TORONTO — The creator of an upcoming docuseries on the 1984 murder of an Ontario girl says the project will allow her family to finally tell their whole truth.
Toronto actor and producer Folklaur Chevrier says she has exclusive rights to the story of nine-year-old Christine Jessop and is developing “Darkness in Daylight” with permission from the family, including mother Janet Jessop and brother Kenneth Jessop.
Christine disappeared Oct. 3, 1984 while heading to a park to meet a friend after school in the southern Ontario village of Queensville. Her body was found on New Year’s Eve that year, in an Ontario farm field about 55 kilometres away.
In 1995, DNA evidence exonerated Guy Paul Morin, who had been convicted of first-degree murder in a retrial three years earlier.
In October 2020, the case took another major turn: Toronto police said DNA evidence indicated the late Calvin Hoover had sexually assaulted Jessop and was the likely killer. Hoover, who died by suicide in 2015, had lived near Christine’s family.
Chevrier says she wants to make the true-crime limited series because she feels Christine needs a voice.
“We’ve all heard the Guy Paul Morin story, respectfully so, but we’ve never heard from Janet and Kenneth Jessop — we’ve never heard an unvetted version, we’ve never heard their truth and we’ve never heard why their life has been a living hell,” Chevrier said in a phone interview.
Chevrier said her journey with the case started more than a decade ago when an anniversary made headlines. “There were a few other occurrences” that Chevrier took as a sign to research the story, and she says she became “engrossed and almost obsessive about it.”
The founder of the production company Folklaur Films said she initially planned a big-screen project and contacted Jessop family lawyer Tim Danson, met with Janet and Kenneth in person in Keswick, Ont., and spoke with Christine’s father, Bob Jessop, by phone. Chevrier also met Morin and his mother, Ida.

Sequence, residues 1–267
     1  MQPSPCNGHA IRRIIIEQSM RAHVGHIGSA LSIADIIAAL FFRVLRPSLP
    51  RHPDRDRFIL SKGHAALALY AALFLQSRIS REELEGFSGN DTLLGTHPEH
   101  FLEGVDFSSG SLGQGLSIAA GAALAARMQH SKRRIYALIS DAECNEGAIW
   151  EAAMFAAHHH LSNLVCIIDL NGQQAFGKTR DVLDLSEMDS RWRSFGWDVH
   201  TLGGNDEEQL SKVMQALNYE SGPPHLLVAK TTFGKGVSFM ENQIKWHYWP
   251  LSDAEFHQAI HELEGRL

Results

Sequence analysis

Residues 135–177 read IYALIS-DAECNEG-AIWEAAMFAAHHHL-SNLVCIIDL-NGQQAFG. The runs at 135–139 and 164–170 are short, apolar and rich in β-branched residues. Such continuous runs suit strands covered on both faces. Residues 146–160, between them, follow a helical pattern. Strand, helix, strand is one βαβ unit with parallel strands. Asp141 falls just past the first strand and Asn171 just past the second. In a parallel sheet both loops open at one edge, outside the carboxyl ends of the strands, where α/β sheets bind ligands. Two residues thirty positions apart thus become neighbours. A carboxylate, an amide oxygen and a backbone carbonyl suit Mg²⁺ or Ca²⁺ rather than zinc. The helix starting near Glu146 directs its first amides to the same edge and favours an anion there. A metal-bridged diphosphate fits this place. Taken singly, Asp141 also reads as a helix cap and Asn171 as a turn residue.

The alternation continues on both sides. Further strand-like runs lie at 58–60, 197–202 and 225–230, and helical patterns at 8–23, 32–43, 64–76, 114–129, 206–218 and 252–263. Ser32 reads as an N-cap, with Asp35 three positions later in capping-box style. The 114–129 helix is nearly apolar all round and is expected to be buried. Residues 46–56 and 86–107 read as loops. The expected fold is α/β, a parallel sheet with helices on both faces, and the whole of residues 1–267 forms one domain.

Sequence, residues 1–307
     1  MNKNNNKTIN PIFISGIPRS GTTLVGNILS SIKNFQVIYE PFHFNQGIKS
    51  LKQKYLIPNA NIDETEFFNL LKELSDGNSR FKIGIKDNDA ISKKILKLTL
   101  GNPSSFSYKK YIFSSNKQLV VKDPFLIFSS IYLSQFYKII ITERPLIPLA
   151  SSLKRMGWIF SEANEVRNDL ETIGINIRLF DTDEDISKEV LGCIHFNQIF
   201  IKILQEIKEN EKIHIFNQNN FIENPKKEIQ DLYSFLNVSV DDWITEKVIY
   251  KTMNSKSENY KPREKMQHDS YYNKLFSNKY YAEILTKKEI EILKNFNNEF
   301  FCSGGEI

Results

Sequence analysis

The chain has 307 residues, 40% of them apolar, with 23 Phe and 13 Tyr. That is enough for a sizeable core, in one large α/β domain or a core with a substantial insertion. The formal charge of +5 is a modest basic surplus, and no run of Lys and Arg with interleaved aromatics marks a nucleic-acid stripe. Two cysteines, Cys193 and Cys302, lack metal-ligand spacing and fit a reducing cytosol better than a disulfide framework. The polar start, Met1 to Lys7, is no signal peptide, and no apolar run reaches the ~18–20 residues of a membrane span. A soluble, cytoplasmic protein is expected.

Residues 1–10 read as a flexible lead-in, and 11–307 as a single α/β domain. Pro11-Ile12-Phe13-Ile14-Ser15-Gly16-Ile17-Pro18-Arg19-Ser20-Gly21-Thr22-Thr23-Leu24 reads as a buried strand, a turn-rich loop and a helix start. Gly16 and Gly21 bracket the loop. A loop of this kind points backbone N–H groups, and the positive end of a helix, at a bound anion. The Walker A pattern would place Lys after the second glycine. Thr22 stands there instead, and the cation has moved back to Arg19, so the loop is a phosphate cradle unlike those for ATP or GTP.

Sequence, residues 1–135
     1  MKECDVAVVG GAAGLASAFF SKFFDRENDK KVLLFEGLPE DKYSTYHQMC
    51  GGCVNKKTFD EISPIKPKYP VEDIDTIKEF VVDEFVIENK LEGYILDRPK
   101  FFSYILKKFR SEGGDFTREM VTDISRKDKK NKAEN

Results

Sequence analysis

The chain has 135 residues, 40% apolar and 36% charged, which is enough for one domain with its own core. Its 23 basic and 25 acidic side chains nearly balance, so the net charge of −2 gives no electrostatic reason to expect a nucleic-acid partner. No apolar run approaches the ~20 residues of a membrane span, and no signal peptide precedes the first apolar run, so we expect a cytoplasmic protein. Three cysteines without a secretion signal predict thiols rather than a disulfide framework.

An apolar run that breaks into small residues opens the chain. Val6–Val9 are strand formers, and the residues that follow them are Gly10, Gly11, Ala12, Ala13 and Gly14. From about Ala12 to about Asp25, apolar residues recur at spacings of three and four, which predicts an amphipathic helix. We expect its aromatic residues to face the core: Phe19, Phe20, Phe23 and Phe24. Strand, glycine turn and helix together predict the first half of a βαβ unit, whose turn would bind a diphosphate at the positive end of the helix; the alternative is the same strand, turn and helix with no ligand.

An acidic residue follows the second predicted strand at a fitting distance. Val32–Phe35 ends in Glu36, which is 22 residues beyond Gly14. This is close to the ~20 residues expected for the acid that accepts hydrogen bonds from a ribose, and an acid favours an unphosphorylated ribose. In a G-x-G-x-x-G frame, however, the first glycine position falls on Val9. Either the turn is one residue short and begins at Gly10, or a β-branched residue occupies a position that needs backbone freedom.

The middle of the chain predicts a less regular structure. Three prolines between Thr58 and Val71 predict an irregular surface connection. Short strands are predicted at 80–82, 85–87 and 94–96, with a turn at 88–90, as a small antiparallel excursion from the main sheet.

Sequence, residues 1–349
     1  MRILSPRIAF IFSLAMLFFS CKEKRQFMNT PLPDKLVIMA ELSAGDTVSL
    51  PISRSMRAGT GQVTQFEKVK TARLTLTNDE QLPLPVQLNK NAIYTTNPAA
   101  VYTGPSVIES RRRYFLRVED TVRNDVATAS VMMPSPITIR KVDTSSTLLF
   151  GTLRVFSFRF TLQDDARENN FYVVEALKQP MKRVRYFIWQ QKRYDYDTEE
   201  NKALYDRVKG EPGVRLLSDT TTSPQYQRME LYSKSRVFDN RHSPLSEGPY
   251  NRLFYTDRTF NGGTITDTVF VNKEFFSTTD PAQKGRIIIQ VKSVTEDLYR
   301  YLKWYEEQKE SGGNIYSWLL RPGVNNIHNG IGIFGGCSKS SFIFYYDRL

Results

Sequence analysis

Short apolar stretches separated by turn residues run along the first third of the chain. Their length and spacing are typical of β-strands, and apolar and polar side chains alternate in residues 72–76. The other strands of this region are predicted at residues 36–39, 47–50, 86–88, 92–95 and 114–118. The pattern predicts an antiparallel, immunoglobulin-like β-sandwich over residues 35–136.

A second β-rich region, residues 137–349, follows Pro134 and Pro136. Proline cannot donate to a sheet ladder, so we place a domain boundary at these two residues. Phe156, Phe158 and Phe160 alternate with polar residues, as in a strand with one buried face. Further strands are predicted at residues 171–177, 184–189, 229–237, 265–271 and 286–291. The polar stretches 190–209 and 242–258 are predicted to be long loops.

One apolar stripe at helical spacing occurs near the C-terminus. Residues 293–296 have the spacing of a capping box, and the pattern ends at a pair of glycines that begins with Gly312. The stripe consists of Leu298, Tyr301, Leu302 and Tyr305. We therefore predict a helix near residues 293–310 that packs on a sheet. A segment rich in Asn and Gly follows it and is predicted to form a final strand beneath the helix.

With all the material gathered, Chevrier realized it would be better to turn it into a TV series in three or four parts.
Then the project “completely went in a different direction” with last year’s news about Hoover.
“We had to change the whole trajectory of the story and of the series, because now the case is solved,” she said. “But that doesn’t mean that we have an ending. There actually isn’t, because … for the Jessops, essentially, it’s not about closure for them.
“They’re always going to have half of their hearts missing. They will always be a mother of a murdered daughter and a brother of a murdered sister. For them, it’s about moving on, and for the very first time telling their truth.”
Chevrier said she doesn’t have a broadcaster but is “in the process of finding who will be the right fit to shepherd this project and to air it.”
She plans to go into production next year and feature the Jessops as key subjects. While the family has given interviews before, “they always had to be very careful what they said, and quite frankly, they were fearful to speak the truth,” she said.
Chevrier also plans to interview Hoover’s now-ex-wife, Heather, for the series.
She said the Jessops are “faced with guilt and more questions than they had for the past 36 years,” wondering: “How can the perpetrator be someone that was close to them, someone that aided in the search, someone that helped them?”
“They’re filled with anger and they’re also filled with hurt and disbelief,” she said.
Victoria Ahearn, The Canadian Press